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Salty Shakespeare, L.A.'s Elizabethan Flash-Mob Company

Sarah Brookes, left, and Roses Prichard surprise Santa Monica College students with an impromptu performance from Richard III.
Sarah Brookes, left, and Roses Prichard surprise Santa Monica College students with an impromptu performance from Richard III.
PHOTO BY SUSAN (COBB) VINCENT

Waiting in line at the Union Station Starbucks downtown, Hamlet discusses the ghost of his father with Horatio: "If this spirit come again tonight, I'll speak to it though hell itself should gape and bid me hold my peace. Hi, I'll have a venti caramel macchiato and a spinach breakfast sandwich."

It's the morning coffee rush and no one knows how — or whether — to react. One young girl points a camera, amused, but the actors soon realize she's just taking a selfie with her frappuccino.

William Rothhaar (Hamlet) and Philip Cass (Horatio) are part of the 20-person flash-mob theater troupe called Salty Shakespeare, bringing pocket-sized Shakespeare to unsuspecting audiences, whether they like it or not.

Since its launch three years ago, Salty Shakespeare has been performing the famous plays all over L.A. with some major 21st-century swagger. From farmers markets to downtown bus stations to crowded elevators, they've been disturbing the peace for 3- to 5-minute scenes before moving on to their next venue.

"I was very enamored of the flash-mob phenomenon that was developing in New York," says Nancy Linehan Charles, an actress and the artistic director of Salty Shakespeare. "And I just thought no one has ever done that with Shakespeare."

The company's debut was on the Venice boardwalk (hence the "salty") but its jurisdiction is unlimited. The group members are wary of asking for permission and believe "it's easier to apologize later," says Cass, a longtime friend of Charles'.

Salty Shakespeare has become popular in institutional circles as well, receiving an Annenberg Foundation grant and getting hired to flash at board meetings, schools, colleges and art galleries. It even has performed at the Broad Stage in Santa Monica while patrons wait to buy tickets for a regular-length Shakespeare production. One of those is not in the works for Charles, who prefers her Shakespeare short and sweet.

"If a whole revolution was started by 140 characters on Twitter, it's time to condense," she says. She believes Shakespeare overwrote the hell out of his plays.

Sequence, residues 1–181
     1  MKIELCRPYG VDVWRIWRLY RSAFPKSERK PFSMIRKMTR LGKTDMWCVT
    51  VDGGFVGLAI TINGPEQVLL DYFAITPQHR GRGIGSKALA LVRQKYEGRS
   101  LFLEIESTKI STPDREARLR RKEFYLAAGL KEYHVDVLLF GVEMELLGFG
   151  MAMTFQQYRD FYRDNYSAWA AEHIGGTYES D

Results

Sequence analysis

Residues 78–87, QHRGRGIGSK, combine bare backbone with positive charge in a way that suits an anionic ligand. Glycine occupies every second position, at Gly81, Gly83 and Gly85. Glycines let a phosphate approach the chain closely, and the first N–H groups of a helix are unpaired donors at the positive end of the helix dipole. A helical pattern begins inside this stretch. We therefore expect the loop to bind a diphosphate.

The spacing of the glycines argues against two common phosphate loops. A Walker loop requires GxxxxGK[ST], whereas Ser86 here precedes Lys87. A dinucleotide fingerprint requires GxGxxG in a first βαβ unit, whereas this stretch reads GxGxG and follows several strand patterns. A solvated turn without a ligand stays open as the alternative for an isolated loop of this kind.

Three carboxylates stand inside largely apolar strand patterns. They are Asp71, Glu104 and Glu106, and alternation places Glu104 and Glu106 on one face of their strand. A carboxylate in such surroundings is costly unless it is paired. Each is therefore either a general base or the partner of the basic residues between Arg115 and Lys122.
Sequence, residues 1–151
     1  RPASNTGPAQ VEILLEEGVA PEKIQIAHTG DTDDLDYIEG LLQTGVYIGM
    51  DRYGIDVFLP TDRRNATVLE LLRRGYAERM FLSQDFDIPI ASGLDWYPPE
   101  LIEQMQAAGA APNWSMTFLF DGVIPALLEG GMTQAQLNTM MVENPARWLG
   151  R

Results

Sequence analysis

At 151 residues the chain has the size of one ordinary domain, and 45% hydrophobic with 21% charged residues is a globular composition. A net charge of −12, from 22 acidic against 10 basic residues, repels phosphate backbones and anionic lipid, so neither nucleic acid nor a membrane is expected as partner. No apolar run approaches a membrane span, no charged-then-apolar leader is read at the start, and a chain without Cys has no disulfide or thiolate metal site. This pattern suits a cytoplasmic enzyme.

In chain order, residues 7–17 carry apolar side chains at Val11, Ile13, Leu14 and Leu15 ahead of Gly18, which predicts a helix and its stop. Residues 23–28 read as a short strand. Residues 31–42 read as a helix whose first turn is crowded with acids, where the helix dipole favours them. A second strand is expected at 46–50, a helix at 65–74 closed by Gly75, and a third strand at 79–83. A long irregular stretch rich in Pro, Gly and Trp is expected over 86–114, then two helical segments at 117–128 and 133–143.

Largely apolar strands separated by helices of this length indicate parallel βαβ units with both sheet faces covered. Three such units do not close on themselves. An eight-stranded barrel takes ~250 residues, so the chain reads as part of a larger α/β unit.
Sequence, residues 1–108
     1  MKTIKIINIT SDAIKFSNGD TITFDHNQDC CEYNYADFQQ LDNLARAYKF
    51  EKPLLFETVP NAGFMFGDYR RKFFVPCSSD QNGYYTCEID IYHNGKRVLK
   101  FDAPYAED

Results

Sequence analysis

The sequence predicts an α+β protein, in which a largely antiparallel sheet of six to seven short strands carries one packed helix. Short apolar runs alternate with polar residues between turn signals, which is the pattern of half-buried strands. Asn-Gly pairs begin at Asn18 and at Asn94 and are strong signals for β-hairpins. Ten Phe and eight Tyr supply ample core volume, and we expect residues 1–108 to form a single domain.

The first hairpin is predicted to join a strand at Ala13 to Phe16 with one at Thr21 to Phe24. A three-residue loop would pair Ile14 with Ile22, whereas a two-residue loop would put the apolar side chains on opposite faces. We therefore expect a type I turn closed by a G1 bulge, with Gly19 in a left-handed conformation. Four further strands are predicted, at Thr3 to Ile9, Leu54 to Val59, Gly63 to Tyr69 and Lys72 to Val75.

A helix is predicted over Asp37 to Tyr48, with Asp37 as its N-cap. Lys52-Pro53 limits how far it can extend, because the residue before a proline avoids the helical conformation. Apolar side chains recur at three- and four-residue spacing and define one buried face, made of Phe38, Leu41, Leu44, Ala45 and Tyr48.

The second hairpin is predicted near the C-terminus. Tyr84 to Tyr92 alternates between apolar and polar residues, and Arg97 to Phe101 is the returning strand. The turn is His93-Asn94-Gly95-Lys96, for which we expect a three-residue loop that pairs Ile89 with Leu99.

"I fell in love with Shakespeare when I was 14 by hearing a minute and half of Hamlet. I had no idea what it meant but I just loved the language so much. I just figured, if we could drop it in here and there, it'll catch somebody and they might look further into it."

That's the purpose of Salty Shakespeare: to reintroduce and ignite new interest in the plays that were forced down your throat like dry Saltines in high school, but in a fashion that is more modern and not followed by a two-hour lecture.

Among the most enthusiastic fans are children, college students and, especially, the local homeless men and women. "A homeless man, after watching several rehearsals, said to me, 'I just got it! He's in love with her. She's in love with him. And they can't be together because the grown-ups won't let them!' " Charles says of Romeo and Juliet. "I thought, I can do Shakespeare for Malibu, but I want to do it for this guy."

The company members are always looking out for crowds of unlikely Shakespeare fans. Actors Sam Hardie and Chrisy Moore, a couple in real life, performed a dynamic Kate and Petruchio in front of an Old Navy store. Baby-faced actor Michael Hanson played a despondent and sort of flirtatious Hamlet across from a Gap Kids in Santa Monica.

Sometimes they perform in likelier places, such as the Southern California Renaissance Pleasure Faire in Irwindale, where the Queen of England, surrounded by some serious security adorned in 16th-century armor, was gracious and receptive when Rothhaar bade her majesty to a nunnery à la Hamlet. (She bade him back for his contact info.)